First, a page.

China OK’s first home-grown vaccine as COVID-19 rises globally

Beijing China approved its first home-grown COVID-19 vaccine for general use on Thursday, adding another shot that could see widespread use in poorer countries as the virus rises back around the world.

The Sinopharm vaccine had already been given to groups such as healthcare professionals and essential workers under emergency use guidelines as part of China’s program to inoculate 50 million people before the lunar New Year holiday in February. But the green light should make it possible to supply it more widely at home and move Beijing closer to being able to send it abroad. It will come a day later UK regulators approved AstraZeneca’s cheap and easy-to-handle vaccine.

Both shots have been closely monitored by developing countries, many of which have been unable to secure the Pfizer and Moderna doses that were intercepted by rich nations. Pakistan’s science minister said on Thursday his government would buy 1.2 million doses of a Sinopharm shot, two days after its death toll peaked at 10,000.

The green light came the day after the state-owned company announced that preliminary data from trials in the final phase had shown it to be 79.3% effective. This communication did not detail the size of the control group, how many people were vaccinated and at what point the efficacy rate was reached after injection, and experts have warned that experimental data should be shared.

Officials have said the vaccine standards have been developed in “close cooperation” with the World Health Organization. Ensuring WHO’s so-called pre-qualification can go a long way towards reassuring the rest of the world about the quality of Chinese vaccines, which are already facing a reputation problem at home. It would also pave the way for the shots to be distributed in the global vaccine consortium, COVAX, and potentially in countries that do not have their own regulatory agencies.

China is eager to send its vaccines globally, driven by a desire to repair the damage to its image caused by the pandemic that started a year ago in the central city of Wuhan.

Technically, China has given conditional approval of the vaccine, which means that research is still ongoing and the company will be required to submit follow-up data as well as reports of any side effects after the vaccine has been sold on the market, Chen Shifei, Deputy Commissioner for National Medical Products Administration, told a press conference. The final proof of its effectiveness will depend on the publication of more data.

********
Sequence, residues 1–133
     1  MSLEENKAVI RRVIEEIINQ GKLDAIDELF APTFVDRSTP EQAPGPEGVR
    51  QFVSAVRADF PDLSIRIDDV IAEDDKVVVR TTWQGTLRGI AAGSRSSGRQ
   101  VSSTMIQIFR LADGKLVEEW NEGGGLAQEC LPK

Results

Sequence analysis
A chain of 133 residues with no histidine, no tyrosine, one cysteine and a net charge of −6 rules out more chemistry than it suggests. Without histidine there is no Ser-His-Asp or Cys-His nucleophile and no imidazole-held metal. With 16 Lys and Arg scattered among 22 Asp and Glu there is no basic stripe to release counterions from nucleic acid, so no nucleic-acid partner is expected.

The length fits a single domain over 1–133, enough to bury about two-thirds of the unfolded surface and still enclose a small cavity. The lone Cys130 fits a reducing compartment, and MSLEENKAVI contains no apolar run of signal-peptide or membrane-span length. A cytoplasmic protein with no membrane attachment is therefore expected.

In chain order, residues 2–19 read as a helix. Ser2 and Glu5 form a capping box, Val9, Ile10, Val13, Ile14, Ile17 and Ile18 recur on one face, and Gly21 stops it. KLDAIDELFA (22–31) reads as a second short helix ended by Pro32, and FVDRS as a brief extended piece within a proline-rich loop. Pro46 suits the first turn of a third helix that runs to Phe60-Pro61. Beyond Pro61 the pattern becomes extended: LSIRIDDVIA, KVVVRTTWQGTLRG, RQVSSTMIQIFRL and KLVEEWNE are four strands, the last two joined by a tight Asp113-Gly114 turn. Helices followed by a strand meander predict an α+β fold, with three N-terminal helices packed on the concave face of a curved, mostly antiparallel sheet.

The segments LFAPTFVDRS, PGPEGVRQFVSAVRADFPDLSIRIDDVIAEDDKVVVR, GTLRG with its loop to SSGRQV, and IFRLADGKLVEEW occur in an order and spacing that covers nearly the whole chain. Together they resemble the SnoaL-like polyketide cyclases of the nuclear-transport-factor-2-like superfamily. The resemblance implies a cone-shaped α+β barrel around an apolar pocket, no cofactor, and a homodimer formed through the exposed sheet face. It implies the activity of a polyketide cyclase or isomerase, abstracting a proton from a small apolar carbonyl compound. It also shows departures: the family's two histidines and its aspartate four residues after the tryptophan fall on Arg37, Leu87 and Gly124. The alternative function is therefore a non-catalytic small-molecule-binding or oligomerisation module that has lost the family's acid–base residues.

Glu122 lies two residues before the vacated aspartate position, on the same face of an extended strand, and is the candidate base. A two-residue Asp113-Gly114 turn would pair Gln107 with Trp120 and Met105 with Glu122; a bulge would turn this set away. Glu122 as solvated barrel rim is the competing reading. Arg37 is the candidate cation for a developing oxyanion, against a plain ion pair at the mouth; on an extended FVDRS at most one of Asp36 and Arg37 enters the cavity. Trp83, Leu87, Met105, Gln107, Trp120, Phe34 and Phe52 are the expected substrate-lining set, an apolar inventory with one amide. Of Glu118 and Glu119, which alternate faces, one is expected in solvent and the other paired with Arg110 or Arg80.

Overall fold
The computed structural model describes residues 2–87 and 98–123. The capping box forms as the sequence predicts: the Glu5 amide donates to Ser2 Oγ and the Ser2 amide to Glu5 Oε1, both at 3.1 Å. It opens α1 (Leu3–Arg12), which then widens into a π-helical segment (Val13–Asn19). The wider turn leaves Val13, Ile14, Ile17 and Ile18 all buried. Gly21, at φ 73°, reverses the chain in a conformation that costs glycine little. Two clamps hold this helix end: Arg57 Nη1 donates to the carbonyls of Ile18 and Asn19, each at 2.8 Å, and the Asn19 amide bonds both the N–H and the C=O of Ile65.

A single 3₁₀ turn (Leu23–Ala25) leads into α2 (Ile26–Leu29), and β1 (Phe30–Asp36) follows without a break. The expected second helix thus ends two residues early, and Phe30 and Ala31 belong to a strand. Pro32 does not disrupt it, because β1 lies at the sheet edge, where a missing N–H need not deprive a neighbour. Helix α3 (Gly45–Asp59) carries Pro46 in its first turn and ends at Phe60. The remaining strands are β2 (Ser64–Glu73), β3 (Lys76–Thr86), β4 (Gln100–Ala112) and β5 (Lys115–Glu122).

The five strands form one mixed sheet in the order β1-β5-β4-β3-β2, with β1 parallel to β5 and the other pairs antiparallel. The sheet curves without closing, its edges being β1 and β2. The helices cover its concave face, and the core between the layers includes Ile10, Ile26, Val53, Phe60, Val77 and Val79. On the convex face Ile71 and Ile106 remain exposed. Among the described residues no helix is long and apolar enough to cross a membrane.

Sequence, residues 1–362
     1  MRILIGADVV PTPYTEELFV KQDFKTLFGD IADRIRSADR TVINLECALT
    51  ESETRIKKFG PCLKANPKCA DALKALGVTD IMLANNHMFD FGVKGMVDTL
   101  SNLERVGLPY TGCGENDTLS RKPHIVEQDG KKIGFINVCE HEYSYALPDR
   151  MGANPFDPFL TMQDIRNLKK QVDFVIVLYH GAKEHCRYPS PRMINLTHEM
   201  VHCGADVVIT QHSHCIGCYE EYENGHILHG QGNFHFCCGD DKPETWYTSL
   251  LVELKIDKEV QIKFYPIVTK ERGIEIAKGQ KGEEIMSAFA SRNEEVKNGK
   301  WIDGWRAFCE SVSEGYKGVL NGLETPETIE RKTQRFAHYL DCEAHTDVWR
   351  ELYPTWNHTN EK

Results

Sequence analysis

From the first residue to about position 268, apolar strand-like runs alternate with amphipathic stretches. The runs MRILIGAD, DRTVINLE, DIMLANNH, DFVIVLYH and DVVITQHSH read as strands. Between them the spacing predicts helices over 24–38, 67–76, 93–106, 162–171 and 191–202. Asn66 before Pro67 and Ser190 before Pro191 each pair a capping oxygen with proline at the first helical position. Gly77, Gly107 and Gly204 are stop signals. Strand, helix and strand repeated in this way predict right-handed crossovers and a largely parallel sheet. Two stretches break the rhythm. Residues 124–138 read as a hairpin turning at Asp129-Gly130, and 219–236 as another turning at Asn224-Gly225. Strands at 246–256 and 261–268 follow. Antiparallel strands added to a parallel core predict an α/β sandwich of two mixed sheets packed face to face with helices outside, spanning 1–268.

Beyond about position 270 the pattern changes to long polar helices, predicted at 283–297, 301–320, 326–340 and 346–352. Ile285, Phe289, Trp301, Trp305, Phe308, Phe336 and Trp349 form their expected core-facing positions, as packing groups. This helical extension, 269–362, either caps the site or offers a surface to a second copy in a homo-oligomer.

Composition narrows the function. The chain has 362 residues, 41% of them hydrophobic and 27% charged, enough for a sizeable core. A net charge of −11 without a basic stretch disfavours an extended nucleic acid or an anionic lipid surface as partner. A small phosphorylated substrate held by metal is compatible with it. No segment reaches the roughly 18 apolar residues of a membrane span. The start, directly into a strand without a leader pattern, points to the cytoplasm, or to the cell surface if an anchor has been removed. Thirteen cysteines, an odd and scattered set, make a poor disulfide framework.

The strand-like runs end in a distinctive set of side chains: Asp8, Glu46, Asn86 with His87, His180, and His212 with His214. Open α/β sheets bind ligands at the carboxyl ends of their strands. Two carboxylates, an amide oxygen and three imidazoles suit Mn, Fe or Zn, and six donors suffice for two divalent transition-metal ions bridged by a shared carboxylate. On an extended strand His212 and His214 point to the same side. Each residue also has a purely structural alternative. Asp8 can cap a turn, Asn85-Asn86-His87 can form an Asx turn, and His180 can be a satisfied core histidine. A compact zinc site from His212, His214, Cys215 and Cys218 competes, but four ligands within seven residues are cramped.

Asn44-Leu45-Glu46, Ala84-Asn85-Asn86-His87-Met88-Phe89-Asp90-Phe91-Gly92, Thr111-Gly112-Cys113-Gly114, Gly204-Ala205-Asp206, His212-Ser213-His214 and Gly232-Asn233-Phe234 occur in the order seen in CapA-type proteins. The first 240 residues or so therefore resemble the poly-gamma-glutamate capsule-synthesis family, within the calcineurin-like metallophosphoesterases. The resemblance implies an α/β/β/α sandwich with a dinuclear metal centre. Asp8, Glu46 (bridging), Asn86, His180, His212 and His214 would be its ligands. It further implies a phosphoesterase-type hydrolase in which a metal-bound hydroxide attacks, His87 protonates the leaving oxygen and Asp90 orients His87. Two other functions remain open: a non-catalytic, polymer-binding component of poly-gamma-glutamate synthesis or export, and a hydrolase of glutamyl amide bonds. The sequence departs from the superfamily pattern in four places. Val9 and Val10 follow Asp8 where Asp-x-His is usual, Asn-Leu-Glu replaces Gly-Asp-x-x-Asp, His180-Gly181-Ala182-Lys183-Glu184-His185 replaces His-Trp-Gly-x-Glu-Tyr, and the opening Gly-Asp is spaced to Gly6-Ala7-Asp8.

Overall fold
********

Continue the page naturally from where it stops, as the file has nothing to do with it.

Sinopharm, which has another shot under development, is one of at least five Chinese developers in a global race to create vaccines against the disease, which has killed more than 1.8 million people. While the Pfizer and Moderna footage has been met with great fanfare in the West, these images need to be stored at ultra-cold temperatures or freezing temperatures, complicating distribution.

The Sinopharm vaccine, like the AstraZeneca vaccine, can be easier to handle for countries around the world as it can be stored at normal refrigerator temperatures.

Both shots, as well as Russia’s Sputnik, are expected to supply much of the developing world. This means that costs will also be important. AstraZeneca is expected to cost around $ 2.50 per share. dose, while Russia has said its doses will be priced at $ 10 for the global market. Pfizer’s vaccine costs around $ 20, while Modernas’s are $ 15 to $ 25, based on agreements with the US government.


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Chinese officials declined to mention a specific price and gave conflicting opinions about it. One official said it would be affordable for the Chinese public, but another jumped in to clarify that it would be free. President Xi Jinping had previously promised to donate a Chinese-made vaccine as a public good to the world.

The Sinopharm shot is already under mass production, although officials did not answer questions about the current capacity. It has already been approved in the United Arab Emirates and Bahrain and is scheduled for next time in Morocco.

Other countries have also purchased doses of another Chinese vaccine candidate, made by Sinovac Biotech. Turkey received shipments of 3 million doses this week, and Indonesia and Brazil have also bought it.

Belarus and Argentina both launched mass vaccinations on Wednesday using Russia’s vaccineand Guinea has begun giving it to officials.


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In addition to the emergency vaccinations already underway in China, the country plans to begin vaccinating the high-risk population, such as seniors as well as people with pre-existing chronic diseases. Officials did not say what percentage of the population they want to vaccinate in China.

“It’s very exciting that there’s another vaccine and one that can be distributed in places that do not have the cold chain,” said Ashley St. John, an immunologist at Duke-NUS Medical School in Singapore. “But at the same time, we need to dampen the excitement. We need to understand the long-term effect, the effect on transmission and the effect on serious illness.”

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